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After taking a hiatus from my road biking due to other commitments and cold weather, I hooked it up to my trainer last weekend and went for a ride.

It was a much-needed break from all the lack of exercise and terrible eating I had been doing. So though it wasn’t exactly fun, it felt great.

As soon as I got off the bike, I also found that I suddenly had an aversion to snacks and fatty foods. Why should this be?  I know that exercise has been shown to be an appetite suppressant, but is what’s going on here really just physiological, or could it also be psychological?

As I pondered my situation, I realized that what was pushing me to suddenly eat more healthfully was the desire to not destroy the benefit gained from exercise.  I was, it seemed, experiencing loss aversion at work.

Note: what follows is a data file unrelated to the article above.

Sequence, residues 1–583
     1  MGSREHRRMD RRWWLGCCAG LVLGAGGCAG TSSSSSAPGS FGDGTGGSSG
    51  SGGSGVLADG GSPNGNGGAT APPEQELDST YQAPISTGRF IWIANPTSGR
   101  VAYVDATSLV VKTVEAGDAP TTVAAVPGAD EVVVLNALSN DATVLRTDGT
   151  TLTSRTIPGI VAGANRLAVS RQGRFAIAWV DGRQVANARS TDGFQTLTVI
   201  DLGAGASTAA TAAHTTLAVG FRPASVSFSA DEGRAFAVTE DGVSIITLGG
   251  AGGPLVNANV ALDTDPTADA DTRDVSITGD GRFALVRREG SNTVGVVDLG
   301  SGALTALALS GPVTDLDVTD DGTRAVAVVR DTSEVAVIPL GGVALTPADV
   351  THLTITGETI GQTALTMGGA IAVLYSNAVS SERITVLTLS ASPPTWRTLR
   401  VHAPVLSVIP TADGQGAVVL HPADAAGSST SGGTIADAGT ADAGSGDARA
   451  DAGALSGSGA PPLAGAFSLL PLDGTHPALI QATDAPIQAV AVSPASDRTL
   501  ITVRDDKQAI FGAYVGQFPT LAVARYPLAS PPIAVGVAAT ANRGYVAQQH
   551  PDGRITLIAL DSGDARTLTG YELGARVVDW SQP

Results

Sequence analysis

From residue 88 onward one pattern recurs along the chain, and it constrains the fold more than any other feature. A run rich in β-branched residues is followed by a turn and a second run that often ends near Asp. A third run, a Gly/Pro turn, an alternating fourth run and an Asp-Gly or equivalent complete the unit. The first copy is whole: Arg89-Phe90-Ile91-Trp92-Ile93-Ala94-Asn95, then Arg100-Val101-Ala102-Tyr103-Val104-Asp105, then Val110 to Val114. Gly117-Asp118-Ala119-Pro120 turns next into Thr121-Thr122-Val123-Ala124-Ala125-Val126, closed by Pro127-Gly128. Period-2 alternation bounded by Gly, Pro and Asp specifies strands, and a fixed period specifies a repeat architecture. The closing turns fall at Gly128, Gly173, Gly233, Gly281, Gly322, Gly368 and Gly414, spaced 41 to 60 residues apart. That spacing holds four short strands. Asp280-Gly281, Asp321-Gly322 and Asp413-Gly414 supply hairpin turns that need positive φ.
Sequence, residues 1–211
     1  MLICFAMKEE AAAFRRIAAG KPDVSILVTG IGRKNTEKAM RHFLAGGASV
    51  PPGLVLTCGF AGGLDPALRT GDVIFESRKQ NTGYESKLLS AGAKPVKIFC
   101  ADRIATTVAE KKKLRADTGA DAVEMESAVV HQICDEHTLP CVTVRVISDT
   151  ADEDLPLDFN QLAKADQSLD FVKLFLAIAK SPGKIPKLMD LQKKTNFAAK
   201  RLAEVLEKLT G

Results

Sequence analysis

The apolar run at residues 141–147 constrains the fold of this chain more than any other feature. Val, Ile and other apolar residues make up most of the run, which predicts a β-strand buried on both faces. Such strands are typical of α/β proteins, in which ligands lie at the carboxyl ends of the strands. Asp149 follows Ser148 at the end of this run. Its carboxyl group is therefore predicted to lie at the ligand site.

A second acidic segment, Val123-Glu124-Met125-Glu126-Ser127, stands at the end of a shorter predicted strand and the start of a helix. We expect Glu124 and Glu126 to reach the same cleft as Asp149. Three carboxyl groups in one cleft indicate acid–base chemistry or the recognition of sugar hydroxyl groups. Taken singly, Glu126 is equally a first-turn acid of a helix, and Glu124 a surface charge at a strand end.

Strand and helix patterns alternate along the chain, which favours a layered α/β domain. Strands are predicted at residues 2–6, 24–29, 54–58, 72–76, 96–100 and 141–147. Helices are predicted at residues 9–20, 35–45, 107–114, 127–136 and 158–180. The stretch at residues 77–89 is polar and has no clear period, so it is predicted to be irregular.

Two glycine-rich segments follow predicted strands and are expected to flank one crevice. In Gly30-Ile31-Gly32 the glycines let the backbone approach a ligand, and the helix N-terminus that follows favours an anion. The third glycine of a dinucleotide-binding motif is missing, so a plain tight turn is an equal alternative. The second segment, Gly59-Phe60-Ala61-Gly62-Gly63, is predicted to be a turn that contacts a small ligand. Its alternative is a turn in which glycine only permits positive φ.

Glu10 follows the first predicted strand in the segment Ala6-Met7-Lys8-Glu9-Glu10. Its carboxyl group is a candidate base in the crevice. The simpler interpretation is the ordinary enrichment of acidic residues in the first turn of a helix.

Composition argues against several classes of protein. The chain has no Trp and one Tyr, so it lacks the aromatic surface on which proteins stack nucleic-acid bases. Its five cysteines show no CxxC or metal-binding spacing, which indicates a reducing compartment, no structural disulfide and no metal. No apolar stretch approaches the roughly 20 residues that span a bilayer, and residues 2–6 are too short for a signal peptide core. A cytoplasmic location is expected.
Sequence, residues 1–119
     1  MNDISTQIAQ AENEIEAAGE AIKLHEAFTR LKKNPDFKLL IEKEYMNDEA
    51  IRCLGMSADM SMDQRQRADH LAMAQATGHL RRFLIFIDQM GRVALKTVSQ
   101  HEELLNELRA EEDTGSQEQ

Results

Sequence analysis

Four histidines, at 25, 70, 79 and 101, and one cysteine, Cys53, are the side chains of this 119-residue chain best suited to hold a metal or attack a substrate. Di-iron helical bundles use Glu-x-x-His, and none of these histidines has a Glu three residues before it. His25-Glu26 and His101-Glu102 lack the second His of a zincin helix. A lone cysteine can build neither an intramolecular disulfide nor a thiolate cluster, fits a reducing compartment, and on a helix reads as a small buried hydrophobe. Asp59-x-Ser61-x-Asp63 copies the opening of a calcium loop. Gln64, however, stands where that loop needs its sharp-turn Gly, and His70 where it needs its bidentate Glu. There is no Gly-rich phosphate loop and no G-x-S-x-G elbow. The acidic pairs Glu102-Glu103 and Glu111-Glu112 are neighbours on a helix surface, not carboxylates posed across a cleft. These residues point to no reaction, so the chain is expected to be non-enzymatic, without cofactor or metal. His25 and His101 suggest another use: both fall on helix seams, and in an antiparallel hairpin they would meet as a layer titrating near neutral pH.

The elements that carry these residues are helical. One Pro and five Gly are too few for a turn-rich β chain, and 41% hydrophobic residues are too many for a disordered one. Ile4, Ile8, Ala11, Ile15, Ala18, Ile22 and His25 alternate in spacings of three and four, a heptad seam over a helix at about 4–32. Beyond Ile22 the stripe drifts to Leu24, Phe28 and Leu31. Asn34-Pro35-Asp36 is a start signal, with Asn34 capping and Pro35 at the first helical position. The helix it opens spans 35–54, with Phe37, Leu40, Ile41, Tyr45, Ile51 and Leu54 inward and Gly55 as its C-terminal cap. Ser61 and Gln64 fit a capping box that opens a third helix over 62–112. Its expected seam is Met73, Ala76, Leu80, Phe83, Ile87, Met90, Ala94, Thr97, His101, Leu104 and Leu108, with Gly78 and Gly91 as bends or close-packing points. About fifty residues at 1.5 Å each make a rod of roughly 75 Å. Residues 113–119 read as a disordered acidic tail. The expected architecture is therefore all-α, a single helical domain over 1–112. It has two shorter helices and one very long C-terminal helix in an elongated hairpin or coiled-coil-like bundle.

Could this be why dieting is so unsuccessful when not accompanied by exercise?  Could it be that when a change in diet is the focal point of healthier living, that exercise feels like an additional sacrifice?

When exercise is the focal point, however, eating healthfully is a natural response based in our loss averse tendencies.  I mean, you just burned all those calories. You’re not going to put them back on by eating that fatty cheeseburger, are you?

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